Lewis overcame his lack of power by being a model of consistency, making only three bogeys and shooting the equivalent of four under par over the 34 holes, with the usual match-play concessions.

“With the technology of today … at least I can still get the ball out there,” said Lewis, who wasn’t bothered by Cook’s length. “I just hoped that I hit it good enough and made enough birdies to keep it close.”

Lewis was 2 up at the lunch break after posting winning pars at holes 16 and 18. At the par-5 18th hole, Cook, who played professionally for seven months after graduating from Ball State in 2003, found the water twice – the first time with a 6-iron in his hand from 201 yards – and eventually conceded Lewis’ par.

“I was definitely furious walking off 18,” said Cook, “just because I didn’t give myself an opportunity there. I kind of gave it to him.”

Cook came out strong for the afternoon 18. He reached the par-5 first hole in two with a mid-iron and two-putted for a birdie. But Lewis also reached in two with a hybrid and two-putted to halve the hole. Cook did cut the deficit to 1 down when he drove the 342-yard, par-4 second hole and two-putted for a birdie.

Lewis, however, never let Cook gain any sustained momentum.

“Today, I just rolled it terrible,” said Cook of his putting. “The speed just wasn’t there. I had a difficult time even reading the greens.

“But it was a good week. I had a lot of positives.”

Lewis began to pull away after losing the 26th hole with a bogey, thanks to a poor approach shot. He told himself going to the 27th tee that he was not going to make any more mistakes.

He didn’t. His wedge approach to the par-5 27th hole – No. 9 on the course – stopped 8 feet above the hole. Lewis converted the birdie to go 2 up.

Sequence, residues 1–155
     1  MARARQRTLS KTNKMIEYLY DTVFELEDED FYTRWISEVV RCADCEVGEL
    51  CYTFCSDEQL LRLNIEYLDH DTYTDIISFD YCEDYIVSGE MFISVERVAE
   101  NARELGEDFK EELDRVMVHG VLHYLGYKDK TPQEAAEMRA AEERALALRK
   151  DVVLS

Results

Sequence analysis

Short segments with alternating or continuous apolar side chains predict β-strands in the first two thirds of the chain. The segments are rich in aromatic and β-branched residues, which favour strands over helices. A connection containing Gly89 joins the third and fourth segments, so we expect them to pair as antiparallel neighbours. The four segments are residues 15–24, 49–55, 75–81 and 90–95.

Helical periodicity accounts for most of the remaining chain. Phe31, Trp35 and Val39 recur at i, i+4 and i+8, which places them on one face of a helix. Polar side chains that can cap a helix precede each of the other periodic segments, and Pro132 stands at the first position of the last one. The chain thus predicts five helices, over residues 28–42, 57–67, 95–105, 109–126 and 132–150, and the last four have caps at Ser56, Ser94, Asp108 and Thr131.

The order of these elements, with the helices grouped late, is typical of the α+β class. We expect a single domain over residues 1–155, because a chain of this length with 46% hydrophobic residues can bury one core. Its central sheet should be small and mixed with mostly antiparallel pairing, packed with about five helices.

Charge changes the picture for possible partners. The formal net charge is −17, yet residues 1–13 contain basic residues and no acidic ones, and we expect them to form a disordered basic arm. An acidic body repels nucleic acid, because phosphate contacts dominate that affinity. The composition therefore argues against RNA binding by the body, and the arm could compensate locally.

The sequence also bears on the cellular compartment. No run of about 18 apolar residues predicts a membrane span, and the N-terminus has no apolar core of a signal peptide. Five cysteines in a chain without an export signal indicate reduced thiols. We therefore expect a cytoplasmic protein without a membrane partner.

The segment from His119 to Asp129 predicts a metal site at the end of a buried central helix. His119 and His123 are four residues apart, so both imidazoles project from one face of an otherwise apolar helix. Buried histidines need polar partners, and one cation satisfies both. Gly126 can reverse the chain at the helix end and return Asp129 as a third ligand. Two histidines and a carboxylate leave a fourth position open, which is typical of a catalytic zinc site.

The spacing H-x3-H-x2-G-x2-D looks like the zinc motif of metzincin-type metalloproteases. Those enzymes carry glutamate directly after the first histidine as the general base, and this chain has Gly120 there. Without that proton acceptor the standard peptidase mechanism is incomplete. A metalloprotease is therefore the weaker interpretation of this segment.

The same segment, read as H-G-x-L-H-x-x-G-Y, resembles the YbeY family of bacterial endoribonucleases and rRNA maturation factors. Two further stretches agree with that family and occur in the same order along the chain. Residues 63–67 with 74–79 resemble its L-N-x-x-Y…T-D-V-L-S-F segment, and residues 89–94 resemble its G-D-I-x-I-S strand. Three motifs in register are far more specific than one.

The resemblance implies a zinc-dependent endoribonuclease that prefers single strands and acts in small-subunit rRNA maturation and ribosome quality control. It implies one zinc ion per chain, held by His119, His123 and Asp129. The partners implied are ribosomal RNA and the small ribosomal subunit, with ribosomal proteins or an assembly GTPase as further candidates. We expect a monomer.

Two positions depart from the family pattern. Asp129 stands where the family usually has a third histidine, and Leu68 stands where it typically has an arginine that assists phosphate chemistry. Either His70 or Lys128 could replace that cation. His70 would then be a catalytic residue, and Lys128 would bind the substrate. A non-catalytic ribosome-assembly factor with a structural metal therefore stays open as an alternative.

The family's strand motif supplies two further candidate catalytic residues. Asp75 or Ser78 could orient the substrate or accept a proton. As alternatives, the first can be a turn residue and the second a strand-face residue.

He went 3 up with a par on the par-3 29th hole and 4 up with a birdie on the 264-yard, par-4 31st hole. Cook got one back with a birdie at the par-5 32nd, but the two halved the next two holes with pars and the match ended on the 16th green.

“That’s as good as it gets for me,” said Lewis. “You saw my peak performance.”

As a finalist, Cook receives exemptions into next year’s U.S. Amateur and a three-year exemption to the Mid-Amateur. He also is exempt from local qualifying for the 2012 U.S. Open.

The U.S. Mid-Amateur is one of 13 championships conducted annually by the United States Golf Association, 10 of which are strictly for amateurs.

Results: U.S. Mid-Amateur
WinMIRandal LewisAlma, MI1000
Runner-upINKenny CookNoblesville, IN700
SemifinalsPANathan SmithPittsburgh, PA500
SemifinalsGAJohn EnglerAugusta, GA500
QuarterfinalsTXMike McCaffreyLeague City, TX400

View full results for U.S. Mid-Amateur

ABOUT THE U.S. Mid-Amateur

The U.S. Mid-Amateur originated in 1981 for the amateur golfer of at least 25 years of age, the purpose of which to provide a formal national championship for the post-college player. 264 players begin the championship with two rounds of sroke play qualifying held at two courses, after which the low 64 (with a playoff if necessary to get the exact number) advance to single elimination match play.

View Complete Tournament Information